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WTL for MFC Programmers, Part VI - Hosting ActiveX Controls

, 10 Jan 2006
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A tutorial on hosting ActiveX controls in WTL dialogs.

Contents

Introduction

Here in Part VI, I'll cover ATL's support for hosting ActiveX controls in dialogs. Since ActiveX controls are ATL's specialty, there are no additional WTL classes involved. However, the ATL way of hosting is rather different from the MFC way, so this is an important topic to cover. I will cover how to host controls and sink events, and develop an application that loses no functionality compared to an MFC app written with ClassWizard. You can, naturally, use the ATL hosting support in the WTL apps that you write.

The sample project for this article demonstrates how to host the IE WebBrowser control. I chose the browser control for two good reasons:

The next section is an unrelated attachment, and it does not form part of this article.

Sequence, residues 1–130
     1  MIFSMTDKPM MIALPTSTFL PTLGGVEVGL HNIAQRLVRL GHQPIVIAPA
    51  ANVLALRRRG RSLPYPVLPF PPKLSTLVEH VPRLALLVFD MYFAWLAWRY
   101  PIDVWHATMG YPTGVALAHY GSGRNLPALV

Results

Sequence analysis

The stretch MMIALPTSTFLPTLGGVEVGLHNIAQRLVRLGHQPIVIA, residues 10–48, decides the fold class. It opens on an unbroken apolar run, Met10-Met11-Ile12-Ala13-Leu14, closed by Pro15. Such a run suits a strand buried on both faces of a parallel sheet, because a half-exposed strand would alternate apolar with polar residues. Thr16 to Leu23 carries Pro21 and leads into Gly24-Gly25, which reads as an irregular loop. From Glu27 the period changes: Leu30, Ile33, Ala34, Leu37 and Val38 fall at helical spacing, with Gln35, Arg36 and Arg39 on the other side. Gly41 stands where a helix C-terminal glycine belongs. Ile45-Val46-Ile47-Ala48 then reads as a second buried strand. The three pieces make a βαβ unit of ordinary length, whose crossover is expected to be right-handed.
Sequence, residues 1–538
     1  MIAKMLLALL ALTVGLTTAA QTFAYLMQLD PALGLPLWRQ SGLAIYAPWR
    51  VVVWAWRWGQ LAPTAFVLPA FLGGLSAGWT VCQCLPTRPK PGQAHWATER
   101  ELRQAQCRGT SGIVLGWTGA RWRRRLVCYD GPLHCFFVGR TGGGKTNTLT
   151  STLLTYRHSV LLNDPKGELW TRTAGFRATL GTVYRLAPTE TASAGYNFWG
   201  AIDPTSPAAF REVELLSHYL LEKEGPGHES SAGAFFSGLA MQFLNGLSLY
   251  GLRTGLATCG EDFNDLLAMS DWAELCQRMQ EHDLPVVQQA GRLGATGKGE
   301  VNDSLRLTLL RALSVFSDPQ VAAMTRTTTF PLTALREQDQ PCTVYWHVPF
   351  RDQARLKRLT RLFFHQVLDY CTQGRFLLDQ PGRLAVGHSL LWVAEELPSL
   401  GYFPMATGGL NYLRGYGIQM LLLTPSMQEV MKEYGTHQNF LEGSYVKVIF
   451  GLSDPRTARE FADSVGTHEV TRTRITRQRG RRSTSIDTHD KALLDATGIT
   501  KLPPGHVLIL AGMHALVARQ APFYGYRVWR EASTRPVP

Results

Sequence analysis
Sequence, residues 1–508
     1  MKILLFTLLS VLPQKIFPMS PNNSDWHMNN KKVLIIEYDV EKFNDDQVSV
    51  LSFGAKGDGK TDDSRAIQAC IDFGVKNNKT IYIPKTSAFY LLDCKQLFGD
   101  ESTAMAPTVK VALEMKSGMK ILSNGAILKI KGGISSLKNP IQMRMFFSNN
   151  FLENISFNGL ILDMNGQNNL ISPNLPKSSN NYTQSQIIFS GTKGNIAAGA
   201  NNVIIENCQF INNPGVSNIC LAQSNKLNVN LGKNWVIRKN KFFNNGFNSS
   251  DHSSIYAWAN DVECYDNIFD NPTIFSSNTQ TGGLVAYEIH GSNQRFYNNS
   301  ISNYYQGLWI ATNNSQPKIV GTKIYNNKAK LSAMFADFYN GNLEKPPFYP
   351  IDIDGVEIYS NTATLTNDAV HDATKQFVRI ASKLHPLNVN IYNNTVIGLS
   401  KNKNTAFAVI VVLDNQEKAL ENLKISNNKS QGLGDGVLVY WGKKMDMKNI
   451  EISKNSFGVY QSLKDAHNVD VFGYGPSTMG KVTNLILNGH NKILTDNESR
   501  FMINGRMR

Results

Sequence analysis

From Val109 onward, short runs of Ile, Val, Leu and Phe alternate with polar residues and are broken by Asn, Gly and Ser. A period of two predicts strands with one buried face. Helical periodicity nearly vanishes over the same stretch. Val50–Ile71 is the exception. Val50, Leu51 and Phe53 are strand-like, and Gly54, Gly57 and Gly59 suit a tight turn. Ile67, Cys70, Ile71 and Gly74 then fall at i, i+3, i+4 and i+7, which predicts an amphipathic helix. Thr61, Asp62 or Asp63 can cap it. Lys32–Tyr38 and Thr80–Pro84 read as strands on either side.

1. Everybody has it on their computers, and
  2. It has many methods and fires many events, so it's a good control to use for demonstration purposes.

I certainly can't compete with folks who have spent tons of time writing custom browsers around the WebBrowser control. However, after reading through this article, you'll know enough to start working on a custom browser of your own.

Starting with the AppWizard

Creating the project

The WTL AppWizard can create an app for us that is ready to host ActiveX controls. We'll start with a new project, this one will be called IEHost. We'll use a modeless dialog as in the last article, only this time check the Enable ActiveX Control Hosting checkbox as shown here:

 [AppWizard - 22K]

 [AppWizard - 25K]

Checking that box makes our main dialog derive from CAxDialogImpl so it can host ActiveX controls. In the VC 6 wizard, there is another checkbox on page 2 labeled Host ActiveX Controls, however checking that seems to have no effect on the resulting code, so you can click Finish from page 1.

The generated code